The acceleration of carbon management projects around the world is requiring rapid adaption of processes, technologies and operations. ABS, and its affiliated are working to create new standardization and certifications for CCUS projects, while also navigating fluid governance structures and compliance rules.
In November, at COP26, ABS, Huyndai Heavy Industries (HHI) and Korea Shipbuilding and Offshore Engineering (KSOE) announced two joint development projects (JDP) to develop decarbonization technologies.
According to a press release, ABS, HHI and KSOE will jointly develop technical guidance for green hydrogen production from offshore platforms as a first step to the design and construction of a facility by 2025. The project will utilize the electrolysis of seawater to generate green hydrogen. Later stages potentially include ABS Approval in Principle (AIP) and generic design approval, supporting engineering development right through to project construction.
A second offshore carbon capture JDP is focused on securing an AIP for HHI and KSOE’s design for a CO2 injection platform for offshore storage. The platform is designed to be able to store 400,000 tons of captured and liquefied CO2 every year from 2025.
In an exclusive interview from the Offshore Technology Conference in Houston, ABS vice president, technology, Gareth Burton discussed ABS’ role in setting standards and certifications for new CCUS projects, and talked about the challenges in a fast-moving energy transition in establishing projects that create value and succeed in reducing emissions.
Hart Energy: What is ABS’ role in the carbon capture, sequestration and use space?
Burton: ABS establishes appropriate requirements and verifies those requirements for marine and offshore assets. And certainly, carbon capture, as the energy transition in the industry continues, is a key component of that. So, in the carbon capture realm, ABS has had a number of activities to date. We've issued some publications for industry, including some white papers on the topic, setting out the challenges and opportunities on (CCUS). So, providing industry information would be one, and then the other aspect where ABS gets engaged across the complete value chain is early-stage projects. As these various technologies come to fruition and mature, and certainly in the carbon capture realm, we've been engaged in various projects, and the one that we're talking about is an approval in principle, or what we would call an AIP. And that AIP is that initial stage of the approval of an early-stage design.
Hart Energy: How does ABS establish classifications and standardizations for something like CCUS that's really just kind of getting off the ground, at least in the upstream sector?
Burton: We look at those early-stage designs, not just of carbon capture, but in the broader scale of the energy transition, there are a lot of words out there, like hybrid electrical power systems, as an example, for investors. And we get very involved in those items on carbon capture and things like green hydrogen as well. We have a framework in place called our New Technology Qualification, what we call our NTQ. And that is a framework that we utilize to look at technology that doesn't have preexisting requirements.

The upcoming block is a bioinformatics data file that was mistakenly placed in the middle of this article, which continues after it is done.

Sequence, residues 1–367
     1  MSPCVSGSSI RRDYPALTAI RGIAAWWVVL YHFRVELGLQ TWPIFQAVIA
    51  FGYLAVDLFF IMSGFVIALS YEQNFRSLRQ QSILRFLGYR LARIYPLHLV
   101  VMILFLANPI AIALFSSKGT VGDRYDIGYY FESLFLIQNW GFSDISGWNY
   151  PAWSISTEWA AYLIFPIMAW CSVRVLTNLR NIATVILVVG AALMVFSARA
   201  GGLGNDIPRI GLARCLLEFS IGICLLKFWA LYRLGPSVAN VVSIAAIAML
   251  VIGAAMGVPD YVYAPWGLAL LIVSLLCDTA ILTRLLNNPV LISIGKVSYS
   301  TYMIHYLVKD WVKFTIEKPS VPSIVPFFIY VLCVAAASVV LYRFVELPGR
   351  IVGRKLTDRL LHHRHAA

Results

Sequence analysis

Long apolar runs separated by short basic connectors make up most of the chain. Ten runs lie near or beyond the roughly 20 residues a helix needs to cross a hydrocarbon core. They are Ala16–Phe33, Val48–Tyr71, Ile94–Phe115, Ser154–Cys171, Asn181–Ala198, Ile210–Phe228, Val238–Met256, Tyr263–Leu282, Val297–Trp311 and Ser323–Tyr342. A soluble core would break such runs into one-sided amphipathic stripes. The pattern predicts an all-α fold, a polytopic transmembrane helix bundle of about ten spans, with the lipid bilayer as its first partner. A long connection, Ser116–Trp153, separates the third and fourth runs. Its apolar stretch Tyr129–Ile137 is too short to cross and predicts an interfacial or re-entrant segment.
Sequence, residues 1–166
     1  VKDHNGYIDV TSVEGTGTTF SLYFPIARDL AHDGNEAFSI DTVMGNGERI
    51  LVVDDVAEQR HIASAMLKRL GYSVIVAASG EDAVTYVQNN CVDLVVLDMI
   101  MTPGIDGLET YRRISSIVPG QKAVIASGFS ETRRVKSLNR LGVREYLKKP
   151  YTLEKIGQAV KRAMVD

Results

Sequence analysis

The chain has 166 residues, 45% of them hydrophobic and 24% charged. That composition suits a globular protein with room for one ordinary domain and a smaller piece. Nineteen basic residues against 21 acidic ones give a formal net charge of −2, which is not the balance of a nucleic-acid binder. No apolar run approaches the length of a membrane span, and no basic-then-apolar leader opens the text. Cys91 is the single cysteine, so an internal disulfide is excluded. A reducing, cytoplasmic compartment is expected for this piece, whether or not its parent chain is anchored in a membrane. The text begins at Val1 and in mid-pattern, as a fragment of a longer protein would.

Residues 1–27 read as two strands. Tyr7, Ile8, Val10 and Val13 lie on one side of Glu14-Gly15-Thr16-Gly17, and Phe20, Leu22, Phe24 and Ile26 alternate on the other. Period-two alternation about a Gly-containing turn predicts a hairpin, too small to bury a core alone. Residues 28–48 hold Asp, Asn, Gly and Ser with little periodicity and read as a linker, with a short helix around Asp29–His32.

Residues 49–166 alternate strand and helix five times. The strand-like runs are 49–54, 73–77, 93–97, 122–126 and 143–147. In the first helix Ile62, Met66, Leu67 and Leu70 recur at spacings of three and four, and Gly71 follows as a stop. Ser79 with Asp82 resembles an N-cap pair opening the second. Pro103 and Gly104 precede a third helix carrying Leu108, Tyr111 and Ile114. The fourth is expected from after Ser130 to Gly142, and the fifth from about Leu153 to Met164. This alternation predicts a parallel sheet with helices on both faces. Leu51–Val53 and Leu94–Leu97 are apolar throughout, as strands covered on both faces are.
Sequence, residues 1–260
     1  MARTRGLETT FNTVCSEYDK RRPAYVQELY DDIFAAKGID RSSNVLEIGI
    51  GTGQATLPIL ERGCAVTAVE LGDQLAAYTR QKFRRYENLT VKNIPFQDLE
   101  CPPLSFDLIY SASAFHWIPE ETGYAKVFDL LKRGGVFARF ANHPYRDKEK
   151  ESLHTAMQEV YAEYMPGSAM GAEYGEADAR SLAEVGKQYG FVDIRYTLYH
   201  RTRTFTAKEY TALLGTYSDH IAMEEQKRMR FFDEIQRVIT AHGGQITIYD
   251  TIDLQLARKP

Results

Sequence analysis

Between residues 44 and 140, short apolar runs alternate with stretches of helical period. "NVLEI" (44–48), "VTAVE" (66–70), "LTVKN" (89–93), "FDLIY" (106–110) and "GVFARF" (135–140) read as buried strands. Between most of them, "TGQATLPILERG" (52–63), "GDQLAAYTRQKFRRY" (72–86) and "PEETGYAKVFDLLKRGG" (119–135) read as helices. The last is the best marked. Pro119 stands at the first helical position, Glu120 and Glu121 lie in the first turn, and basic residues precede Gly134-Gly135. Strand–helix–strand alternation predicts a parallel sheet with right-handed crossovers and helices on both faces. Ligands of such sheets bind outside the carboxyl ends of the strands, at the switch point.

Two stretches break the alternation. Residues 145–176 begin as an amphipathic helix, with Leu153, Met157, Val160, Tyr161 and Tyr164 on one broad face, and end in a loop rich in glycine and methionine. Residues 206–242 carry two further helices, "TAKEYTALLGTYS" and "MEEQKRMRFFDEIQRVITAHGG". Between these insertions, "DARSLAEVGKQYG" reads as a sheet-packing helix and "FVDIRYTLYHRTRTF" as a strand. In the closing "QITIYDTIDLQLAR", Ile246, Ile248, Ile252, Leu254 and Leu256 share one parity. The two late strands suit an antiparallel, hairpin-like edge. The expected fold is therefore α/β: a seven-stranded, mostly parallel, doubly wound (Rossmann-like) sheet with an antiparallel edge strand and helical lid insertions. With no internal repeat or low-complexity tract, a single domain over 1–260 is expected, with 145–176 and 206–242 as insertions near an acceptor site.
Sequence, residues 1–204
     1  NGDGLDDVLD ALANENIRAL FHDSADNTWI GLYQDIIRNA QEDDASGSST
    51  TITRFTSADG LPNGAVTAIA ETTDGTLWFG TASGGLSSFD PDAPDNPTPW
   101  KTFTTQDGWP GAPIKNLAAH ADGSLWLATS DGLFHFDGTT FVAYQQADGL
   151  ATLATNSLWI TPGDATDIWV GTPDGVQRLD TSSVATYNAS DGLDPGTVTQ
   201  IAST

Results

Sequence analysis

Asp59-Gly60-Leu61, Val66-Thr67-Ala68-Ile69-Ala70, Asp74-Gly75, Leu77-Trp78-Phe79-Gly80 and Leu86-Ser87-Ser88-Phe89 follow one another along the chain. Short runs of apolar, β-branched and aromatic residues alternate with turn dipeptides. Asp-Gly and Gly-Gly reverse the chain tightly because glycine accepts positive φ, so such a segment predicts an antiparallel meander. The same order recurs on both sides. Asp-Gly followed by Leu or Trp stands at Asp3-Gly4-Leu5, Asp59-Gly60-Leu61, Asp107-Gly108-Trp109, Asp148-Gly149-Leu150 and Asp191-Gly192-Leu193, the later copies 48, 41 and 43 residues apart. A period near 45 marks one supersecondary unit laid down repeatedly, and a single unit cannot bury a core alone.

Hart Energy: You're not exactly creating something from scratch, but you have to have a baseline to build off of when creating standardizations and certifications. Where is that baseline at and how do you move on from there?
Burton: The way that we look at new technologies is that we take a step back, we look at what we call a systems-based approach. So, a broad level of that new technology. And we look at the elements of that technology that are similar to being used elsewhere. Maybe some of it is being used onshore, maybe some of it has been used in different industries in different ways. And we look at the risks, for example, onshore, and then we look at the delta between what's been used onshore and what's going to be used offshore. And by leveraging the information that already exists and doing that gap analysis between what exists and the reality for an offshore environment, we can identify that risk and then mitigations that need go along with it.
Hart Energy: What are, what are some of the challenges that industry faces in terms of CCUS projects?
Burton: I think like all new technologies, there's the uncertainty that is associated with it, which is where the classification society and ABS comes into play to help establish those requirements and that framework. As the technology matures and transitions from onshore to offshore, the marinization of that equipment would certainly be a second item. And on the broader perspective, the economics of making sure that processor will work over time, or certainly a key element.
Hart Energy: Are the economics established to make projects like these valuable for companies to invest in?
Burton: The business case for (CCUS) is certainly improving. We see a significant uptake in the queries on the topic. And what we have seen is that the economics aspects continue to look more favorable.
Hart Energy: How do different regional perceptions on the energy transition, different regulations and perspectives create challenges for what ABS does?
Burton: Certainly, there are different areas of focus across the globe. Part of that is driven by the discussions that are ongoing with regard to carbon taxes in various geographies around the world. In other areas, we see increased government support of the activities, and as that government support ramps up, then certainly there's a greater incentive to engage in such projects.
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